In a previous post, we talked about the challenges faced by overwhelmed sales managers with too few management layers below them. These managers often have so many cats to herd that they aren’t able to give their sales teams the training, coaching, and guidance needed to meet organizational goals.
On the other end of the spectrum are sales managers with too many management layers below them. This scenario results in inefficiency and waste, as well as an unnecessary increase in the organization’s compensation costs.
Ultimately, the goal of leadership should be to strike a balance — management should be lean enough to be efficient and cost-effective, but not so lean that engagement and productivity are affected.
How many layers should your organization have, and at what point do you know you have too many managers? One formula doesn’t work for every company, but, fortunately, your sales data should be able to tell you everything you need to know.
Follow these three steps to strike the right balance:
- Use your data to answer this question: Out of every dollar I earn in revenue, how much am I spending on base and incentive? If the dollars earned don’t outweigh the cost, the number of layers in your sales team may be contributing to the problem.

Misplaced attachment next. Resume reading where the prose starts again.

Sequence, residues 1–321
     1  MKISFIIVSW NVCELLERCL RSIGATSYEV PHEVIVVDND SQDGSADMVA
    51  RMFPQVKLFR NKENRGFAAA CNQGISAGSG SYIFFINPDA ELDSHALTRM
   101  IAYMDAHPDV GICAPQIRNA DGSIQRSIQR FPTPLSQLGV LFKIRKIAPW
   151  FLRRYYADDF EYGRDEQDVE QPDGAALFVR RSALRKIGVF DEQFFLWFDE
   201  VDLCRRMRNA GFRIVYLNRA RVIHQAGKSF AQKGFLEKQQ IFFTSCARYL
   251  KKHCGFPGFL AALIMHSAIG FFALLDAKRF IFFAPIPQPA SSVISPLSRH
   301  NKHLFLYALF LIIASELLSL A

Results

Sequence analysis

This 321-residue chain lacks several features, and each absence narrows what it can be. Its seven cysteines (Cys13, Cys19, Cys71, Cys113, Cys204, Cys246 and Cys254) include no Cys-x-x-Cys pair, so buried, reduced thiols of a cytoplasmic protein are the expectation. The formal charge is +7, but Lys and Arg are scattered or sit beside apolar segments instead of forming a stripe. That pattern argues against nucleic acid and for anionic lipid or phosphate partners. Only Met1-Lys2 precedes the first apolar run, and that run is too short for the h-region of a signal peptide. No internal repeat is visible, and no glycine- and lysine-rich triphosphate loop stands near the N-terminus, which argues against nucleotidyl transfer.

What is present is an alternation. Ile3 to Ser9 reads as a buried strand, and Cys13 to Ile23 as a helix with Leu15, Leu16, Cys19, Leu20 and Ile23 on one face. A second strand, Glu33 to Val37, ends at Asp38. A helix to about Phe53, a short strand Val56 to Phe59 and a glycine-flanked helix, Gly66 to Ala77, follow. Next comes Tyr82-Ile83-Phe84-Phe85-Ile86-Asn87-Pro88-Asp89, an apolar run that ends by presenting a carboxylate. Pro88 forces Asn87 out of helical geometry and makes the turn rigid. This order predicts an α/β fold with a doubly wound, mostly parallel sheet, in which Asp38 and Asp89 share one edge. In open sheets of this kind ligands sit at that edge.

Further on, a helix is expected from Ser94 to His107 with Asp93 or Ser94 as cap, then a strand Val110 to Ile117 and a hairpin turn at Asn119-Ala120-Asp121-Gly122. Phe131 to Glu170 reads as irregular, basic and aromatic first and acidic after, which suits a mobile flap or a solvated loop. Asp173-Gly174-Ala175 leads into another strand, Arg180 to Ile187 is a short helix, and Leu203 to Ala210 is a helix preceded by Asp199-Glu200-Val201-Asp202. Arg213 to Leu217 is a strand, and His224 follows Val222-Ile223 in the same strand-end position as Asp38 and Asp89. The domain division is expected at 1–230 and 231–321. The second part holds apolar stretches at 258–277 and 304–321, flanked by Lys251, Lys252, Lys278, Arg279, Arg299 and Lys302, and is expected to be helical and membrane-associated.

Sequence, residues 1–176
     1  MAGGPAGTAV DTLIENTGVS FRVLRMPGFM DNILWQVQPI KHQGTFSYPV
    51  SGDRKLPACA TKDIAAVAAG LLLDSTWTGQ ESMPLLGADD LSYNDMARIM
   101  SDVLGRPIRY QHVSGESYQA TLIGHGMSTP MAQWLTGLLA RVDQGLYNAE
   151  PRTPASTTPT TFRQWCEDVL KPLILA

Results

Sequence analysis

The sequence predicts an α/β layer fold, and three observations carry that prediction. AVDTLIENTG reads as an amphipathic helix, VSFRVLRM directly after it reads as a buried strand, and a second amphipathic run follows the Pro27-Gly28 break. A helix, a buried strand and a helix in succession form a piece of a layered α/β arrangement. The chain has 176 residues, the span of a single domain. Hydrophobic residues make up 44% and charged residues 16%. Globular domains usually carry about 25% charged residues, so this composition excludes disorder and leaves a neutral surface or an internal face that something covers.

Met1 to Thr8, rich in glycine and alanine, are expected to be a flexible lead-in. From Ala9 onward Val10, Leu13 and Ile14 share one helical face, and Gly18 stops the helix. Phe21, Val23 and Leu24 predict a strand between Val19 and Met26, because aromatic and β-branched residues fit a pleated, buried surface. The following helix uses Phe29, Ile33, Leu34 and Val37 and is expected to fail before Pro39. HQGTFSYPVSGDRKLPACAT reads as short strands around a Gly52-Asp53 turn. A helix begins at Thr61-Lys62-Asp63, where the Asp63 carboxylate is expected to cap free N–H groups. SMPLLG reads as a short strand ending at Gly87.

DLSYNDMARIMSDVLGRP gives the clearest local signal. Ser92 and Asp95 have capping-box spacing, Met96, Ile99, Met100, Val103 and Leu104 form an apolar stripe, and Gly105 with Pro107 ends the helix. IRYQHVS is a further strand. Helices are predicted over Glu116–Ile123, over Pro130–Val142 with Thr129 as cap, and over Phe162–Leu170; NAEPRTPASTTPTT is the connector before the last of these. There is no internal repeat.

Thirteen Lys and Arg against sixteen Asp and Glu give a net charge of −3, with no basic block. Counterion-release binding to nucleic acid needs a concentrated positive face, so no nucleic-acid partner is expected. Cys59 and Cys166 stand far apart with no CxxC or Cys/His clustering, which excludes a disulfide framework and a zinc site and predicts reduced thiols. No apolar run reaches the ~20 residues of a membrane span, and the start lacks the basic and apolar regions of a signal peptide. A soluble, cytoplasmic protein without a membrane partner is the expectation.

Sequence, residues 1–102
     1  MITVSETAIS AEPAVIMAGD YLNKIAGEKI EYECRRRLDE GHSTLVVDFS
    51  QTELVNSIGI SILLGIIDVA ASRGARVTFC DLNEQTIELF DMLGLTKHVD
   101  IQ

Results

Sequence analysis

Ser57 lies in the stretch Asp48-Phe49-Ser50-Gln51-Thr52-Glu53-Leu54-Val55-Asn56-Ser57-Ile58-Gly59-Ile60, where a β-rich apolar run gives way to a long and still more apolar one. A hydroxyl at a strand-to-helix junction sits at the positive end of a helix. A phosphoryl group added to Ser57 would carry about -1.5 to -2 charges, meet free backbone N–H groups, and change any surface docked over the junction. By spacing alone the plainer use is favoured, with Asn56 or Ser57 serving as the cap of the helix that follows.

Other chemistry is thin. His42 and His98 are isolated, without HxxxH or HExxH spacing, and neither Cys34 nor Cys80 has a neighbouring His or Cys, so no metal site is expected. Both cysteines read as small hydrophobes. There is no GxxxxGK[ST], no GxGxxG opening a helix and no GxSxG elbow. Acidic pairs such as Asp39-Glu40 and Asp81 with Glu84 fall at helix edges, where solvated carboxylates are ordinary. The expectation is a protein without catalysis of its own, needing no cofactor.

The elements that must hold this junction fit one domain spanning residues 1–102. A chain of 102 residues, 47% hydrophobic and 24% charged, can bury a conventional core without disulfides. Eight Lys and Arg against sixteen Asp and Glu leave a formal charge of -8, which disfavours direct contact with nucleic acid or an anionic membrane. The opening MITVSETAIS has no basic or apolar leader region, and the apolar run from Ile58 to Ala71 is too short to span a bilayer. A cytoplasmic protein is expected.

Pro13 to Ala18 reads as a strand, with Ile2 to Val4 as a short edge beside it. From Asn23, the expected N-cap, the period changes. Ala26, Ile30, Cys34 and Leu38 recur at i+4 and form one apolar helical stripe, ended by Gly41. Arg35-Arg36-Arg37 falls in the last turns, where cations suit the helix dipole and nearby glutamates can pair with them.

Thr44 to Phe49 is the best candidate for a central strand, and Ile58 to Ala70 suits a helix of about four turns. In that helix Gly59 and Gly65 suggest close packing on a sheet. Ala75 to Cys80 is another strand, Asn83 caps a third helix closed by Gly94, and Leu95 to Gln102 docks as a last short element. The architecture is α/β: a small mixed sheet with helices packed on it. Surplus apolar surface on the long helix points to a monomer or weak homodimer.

- Take a close look at shared credits. In this post, we told you that there are about 14 different checks written after the close of a typical sales deal. How many layers are there between the VP of Sales and those tasked with closing, and are all those compensated contributing to the sale?
- Analyze the information so it can be correctly applied. Don’t make the common mistake of applying across-the-board decreases in sales staff without using data to guide you.
In the end, the best measure of whether your org chart works is profitability. Study your data to reveal how the numbers of layers in your organization are impacting profits, and use that knowledge to make adjustments.
How many layers does your organization have, and how did you figure out the right balance? Tweet your answers to @XactlyCorp.